HuffPost Canada closed in 2021 and this site is maintained as an online archive. If you have questions or concerns, please check our FAQ or contact support@huffpost.com.

jian ghomeshi sexual assault

"For those interested, here is something I'm working on..."
Any idiot knows dry-humping staff is a no-no, and Ghomeshi is a lot of things, but he isn't an idiot. Ghomeshi was a left-wing women's-rights advocate, he had to know that the actions and comments he engaged in were inappropriate -- he just didn't think that applied to him. It was a choice, not ignorance. Intense narcissism is no excuse for wilful ignorance.
The ex-CBC host apologized to a former colleague.
The therapist's letter notes Ghomeshi had met for 61 appointments since Nov. 12, 2014.
She said Crown prosecutors "did the right thing."
The former radio host's second trial was scheduled to begin June 6.
Linda Redgrave said her court experience fueled her desire to help other sexual assault survivors.
There is no one common reaction to sexual assaults. Survivors' behaviours following such traumatic events can vary from minimizing the incident and pretending everything is fine (e.g. kissing and cuddling in the park, or writing gushing love letters, as DuCoutere did following the assault); to suppressing the incident altogether, essentially blocking it from your memory; to blaming yourself, somehow, in an attempt to rationalize the trauma. It is not unusual in my caseload to see women, years after the fact, still believing they were somehow responsible for the incident.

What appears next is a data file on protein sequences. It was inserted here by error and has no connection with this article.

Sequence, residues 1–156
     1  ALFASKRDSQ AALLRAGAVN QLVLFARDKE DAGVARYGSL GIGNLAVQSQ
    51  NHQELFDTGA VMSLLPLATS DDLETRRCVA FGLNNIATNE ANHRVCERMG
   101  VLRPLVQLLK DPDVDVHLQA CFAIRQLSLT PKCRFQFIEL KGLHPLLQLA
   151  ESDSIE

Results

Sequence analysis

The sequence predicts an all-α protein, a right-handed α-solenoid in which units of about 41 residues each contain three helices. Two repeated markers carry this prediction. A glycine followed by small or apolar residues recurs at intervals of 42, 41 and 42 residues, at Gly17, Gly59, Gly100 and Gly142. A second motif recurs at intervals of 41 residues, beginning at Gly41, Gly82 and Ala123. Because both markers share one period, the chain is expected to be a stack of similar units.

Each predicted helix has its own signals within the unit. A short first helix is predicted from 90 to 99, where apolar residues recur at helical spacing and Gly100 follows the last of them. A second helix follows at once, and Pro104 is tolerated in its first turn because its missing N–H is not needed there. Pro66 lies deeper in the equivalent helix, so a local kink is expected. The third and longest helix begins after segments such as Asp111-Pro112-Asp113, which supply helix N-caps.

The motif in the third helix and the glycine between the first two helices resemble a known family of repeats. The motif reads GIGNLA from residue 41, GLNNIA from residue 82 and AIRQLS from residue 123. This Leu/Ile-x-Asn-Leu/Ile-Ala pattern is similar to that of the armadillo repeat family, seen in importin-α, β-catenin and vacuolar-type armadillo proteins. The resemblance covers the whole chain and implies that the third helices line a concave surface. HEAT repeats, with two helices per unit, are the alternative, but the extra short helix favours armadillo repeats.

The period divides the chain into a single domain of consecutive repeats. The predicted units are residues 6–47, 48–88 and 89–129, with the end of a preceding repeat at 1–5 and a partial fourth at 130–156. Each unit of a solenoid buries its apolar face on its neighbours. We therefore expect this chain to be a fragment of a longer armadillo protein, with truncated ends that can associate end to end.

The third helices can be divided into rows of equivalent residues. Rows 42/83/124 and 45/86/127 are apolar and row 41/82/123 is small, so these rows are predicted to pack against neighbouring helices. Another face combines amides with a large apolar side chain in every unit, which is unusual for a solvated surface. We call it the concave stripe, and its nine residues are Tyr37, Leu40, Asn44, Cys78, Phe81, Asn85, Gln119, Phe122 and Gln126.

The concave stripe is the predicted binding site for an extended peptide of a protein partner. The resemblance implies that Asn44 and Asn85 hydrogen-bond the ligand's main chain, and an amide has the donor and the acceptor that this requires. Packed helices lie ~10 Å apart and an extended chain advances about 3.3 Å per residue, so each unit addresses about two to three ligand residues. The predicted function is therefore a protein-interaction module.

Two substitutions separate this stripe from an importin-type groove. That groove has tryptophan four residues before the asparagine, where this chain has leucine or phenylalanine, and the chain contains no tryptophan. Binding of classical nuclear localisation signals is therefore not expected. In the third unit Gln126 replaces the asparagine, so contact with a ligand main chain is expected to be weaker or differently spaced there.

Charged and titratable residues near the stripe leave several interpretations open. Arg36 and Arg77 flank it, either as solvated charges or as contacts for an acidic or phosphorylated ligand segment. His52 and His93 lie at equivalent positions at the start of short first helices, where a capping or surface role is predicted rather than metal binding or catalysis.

"I was shaken, but tried to hide it."
Many legal definitions of sexual assault, including Canada's, try to balance two things: the rights of the accused to remain innocent until proven guilty, and the rights of the complainants to seek justice in a fair and balanced court of law. However, our laws are strongly biased in favour of the accused because of one little clause.